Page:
An important additional part of the support network for JIOP participants is the Mentoring Circle Program organized and run by the JIOP alumni. This group answers student questions, hosts events, and literally walks students into rooms for events that might otherwise be intimidating. In other words, the JIOP alums take the success of those following in their footsteps very personally and, in doing so, let the JIOP participants see what it looks like to be engaged young lawyers creating a community of support and inclusion.
The focus on very practical mentoring is what makes me, as a supporter of JIOP for more than a decade, believe that this program is special. I had the opportunity to help bring the program to Arizona in 2006. With a coalition of highly invested law firm litigators and judges, as well as Arizona’s state bar and the Arizona Foundation for Legal Services and Education, we saw firsthand what a different six weeks of exposure to our professional world could make for students. We worked to create a support network for JIOP participants that offered students a window into the daily lives of legal professionals in a variety of roles in both formal and informal settings. In other words, we offered “ride alongs” to everything from Arizona Supreme Court hearings to happy hours at the state bar convention—learning experiences all.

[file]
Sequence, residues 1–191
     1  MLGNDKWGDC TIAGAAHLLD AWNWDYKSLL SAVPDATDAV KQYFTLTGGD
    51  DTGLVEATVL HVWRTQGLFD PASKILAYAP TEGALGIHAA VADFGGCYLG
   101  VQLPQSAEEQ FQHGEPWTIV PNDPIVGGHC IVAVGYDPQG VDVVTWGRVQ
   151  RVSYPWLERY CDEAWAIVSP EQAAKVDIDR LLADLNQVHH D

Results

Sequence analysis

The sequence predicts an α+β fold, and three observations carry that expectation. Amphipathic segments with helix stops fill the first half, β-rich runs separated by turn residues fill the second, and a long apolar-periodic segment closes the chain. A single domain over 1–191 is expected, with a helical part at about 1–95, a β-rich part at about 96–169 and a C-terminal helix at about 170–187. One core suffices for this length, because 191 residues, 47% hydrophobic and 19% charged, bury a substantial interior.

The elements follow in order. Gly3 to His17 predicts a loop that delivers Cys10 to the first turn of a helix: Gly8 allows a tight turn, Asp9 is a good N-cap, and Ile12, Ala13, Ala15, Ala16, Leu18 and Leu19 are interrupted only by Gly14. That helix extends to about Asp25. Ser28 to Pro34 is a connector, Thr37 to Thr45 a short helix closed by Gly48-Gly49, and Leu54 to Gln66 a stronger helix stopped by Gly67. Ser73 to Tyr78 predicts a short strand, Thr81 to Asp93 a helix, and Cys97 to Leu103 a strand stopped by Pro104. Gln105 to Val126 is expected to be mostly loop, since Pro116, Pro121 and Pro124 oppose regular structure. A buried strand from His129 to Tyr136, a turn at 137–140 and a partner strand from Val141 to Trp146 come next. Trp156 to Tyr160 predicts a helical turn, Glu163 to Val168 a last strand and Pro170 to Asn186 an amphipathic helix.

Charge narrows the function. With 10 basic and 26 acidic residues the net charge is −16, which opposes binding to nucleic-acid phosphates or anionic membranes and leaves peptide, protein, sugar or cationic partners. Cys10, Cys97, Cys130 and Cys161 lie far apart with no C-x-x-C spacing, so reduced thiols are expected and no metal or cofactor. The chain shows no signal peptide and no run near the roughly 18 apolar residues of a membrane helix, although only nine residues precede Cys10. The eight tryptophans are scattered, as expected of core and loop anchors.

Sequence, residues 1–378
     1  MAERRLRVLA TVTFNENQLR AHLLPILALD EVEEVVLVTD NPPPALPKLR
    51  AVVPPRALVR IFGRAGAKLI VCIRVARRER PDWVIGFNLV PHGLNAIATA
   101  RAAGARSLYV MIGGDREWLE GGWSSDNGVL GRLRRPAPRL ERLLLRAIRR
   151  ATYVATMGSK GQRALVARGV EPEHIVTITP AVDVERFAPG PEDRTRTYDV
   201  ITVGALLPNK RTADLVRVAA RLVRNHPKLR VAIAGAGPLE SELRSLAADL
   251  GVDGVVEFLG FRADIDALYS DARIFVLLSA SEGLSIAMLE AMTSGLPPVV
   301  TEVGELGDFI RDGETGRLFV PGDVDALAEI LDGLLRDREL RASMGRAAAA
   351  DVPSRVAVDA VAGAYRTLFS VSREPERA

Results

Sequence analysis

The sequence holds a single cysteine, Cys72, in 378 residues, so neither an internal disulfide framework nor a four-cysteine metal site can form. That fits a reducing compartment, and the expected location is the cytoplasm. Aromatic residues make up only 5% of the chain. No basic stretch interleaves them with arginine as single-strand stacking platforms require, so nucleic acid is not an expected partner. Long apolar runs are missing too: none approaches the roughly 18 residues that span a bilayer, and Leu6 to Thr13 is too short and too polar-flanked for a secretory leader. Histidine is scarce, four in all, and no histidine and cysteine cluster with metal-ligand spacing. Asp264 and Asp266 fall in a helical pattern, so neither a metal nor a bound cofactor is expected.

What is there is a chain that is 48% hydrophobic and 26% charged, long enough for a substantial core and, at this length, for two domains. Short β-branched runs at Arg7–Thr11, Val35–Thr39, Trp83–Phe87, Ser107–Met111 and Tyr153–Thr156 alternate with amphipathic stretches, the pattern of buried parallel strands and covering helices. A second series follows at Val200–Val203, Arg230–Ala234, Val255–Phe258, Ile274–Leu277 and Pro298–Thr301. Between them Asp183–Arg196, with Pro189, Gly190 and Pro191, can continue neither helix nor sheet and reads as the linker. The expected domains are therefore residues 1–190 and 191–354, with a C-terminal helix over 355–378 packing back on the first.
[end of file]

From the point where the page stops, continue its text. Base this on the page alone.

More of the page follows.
The goal underlying JIOP is to offer an experience that will allow students from this broad diversity of backgrounds to “catch up” with those whose backgrounds exposed them to lawyers, judges, and professional settings. If you ever are in the mood to feel good about what that type of a mentoring experience can mean to a promising student trying to understand the unwritten rules of decorum in legal circles, I invite you to read the JIOP alumni testimonials posted on the ABA’s website. In fact, I would direct you to more broadly read all about the program at ambar.org/jiop.
Although JIOP preceded the focus on the imposter syndrome as it applies to nontraditional and diverse individuals in the legal profession, it seems to take the issue on directly. The imposter syndrome refers to the general tendency of a person to doubt his or her accomplishments and have a persistent fear of being exposed as a fraud. It seems to show up when a person really does not believe that he or she belongs in a particular situation, and it undercuts the confidence of people who otherwise appear to be succeeding. Not surprisingly, first-generation professionals and others who do not see an abundance of role models who look like them may disproportionately fall prey to such doubt. It is abundantly clear that JIOP’s one-on-one mentoring can make an extraordinary difference in helping nontraditional soon-to-be professionals to see and believe that they can do it.